module on NKO. Cherett identified what he sees as the reason the IDC is fast-tracking some of its leaders through the qualification process. “Who can sign the PQS right now if it’s brand new?” he asked. “So that’s why the decision was made, I believe, to go ahead and grandfather a certain number of people, starting with some officers.” Deputy Chief of Naval Operations for Information Dominance Vice Adm. Jack Dorsett is scheduled to visit the ship to present IDWO pins to several fast-tracked Lincoln officers. Cherrett has already started applying his expertise to helping more of his fellow IDC officers complete their IDWO PQSs. “The PQS is extensive and in-depth,” he said. “The benefit of this program is that it formalizes our role and recognizes that it’s significant. We now have a sophisticated qualification process to provide us with a standard to which we can all be held. “ T h e whole purpose of the information dominance warfare program is to recognize that times have

changed, that there is another front out there that needs to be addressed,” Cherrett explained. “It’s [the IDC] communities that fight on that front.” Cherrett also said the warfighters eligible for the Enlisted Information Dominance Warfare Specialist (EIDWS) qualification should expect to see an enlisted PQS soon. “It should be available any time now,” he said. “I know that [the IDC is] working on it aggressively.”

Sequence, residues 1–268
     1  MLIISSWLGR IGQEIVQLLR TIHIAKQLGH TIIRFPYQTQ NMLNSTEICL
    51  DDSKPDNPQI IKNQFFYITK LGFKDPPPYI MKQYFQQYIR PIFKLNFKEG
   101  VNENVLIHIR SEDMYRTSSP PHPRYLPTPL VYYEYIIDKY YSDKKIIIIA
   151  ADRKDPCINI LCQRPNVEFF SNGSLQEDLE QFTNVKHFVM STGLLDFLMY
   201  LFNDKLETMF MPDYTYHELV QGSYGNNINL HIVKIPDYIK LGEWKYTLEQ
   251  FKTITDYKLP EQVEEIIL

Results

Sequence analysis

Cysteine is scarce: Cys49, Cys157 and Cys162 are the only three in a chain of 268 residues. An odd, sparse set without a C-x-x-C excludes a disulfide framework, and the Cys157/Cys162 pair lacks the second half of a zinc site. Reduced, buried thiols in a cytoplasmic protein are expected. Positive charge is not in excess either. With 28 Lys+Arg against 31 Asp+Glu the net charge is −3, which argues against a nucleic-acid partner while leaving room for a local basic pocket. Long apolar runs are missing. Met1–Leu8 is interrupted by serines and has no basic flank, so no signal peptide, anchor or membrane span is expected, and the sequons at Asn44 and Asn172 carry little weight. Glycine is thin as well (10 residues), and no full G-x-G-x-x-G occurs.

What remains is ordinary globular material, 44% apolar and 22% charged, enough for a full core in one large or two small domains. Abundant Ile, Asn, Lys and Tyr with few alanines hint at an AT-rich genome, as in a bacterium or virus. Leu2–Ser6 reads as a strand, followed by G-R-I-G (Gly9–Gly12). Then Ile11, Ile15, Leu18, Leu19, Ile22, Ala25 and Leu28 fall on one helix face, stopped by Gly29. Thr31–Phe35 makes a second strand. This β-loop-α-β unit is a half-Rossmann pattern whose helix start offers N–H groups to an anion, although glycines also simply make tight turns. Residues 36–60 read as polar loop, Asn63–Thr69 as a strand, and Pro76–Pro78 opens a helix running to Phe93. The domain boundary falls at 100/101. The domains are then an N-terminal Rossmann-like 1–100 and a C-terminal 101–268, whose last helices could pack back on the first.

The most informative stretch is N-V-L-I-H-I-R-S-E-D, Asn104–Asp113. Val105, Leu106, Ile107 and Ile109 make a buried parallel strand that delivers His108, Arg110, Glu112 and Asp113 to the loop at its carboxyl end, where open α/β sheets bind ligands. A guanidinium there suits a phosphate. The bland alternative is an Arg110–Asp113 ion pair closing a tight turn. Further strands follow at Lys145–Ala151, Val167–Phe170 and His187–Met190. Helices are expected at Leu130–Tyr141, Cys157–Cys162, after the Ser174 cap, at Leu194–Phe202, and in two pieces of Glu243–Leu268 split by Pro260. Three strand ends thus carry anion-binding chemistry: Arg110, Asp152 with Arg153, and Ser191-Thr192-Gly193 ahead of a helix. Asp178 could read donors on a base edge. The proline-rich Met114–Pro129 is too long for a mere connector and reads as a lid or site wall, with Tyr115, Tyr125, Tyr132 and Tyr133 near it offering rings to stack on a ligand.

Mail Call, Mail Call: How Lincoln Gets It By Mass Communication Specialist 3rd Class Spencer Mickler


ogistics specialists throughout the Navy are responsible for keeping the flux of packages, cards and letters coming in and going out, to and from Sailors on land or at sea. The post office aboard USS Abraham Lincoln (CVN 72) is no different. Taking into account the logistics of sending and receiving mail in the middle of the ocean thousands of miles from where it was sent; mail service can be a challenge “Receiving mail depends on a lot of different things when underway,” said Logistics Specialist 3rd Class Richard Hucks, who works in Lincoln’s mail room. “We get some of our mail from CODs (C-2A Greyhounds), but there isn’t room sometimes, behind distinguished visitors and essential parts. Our biggest loads of mail come from replenishments-at-sea and vertical replenishments, which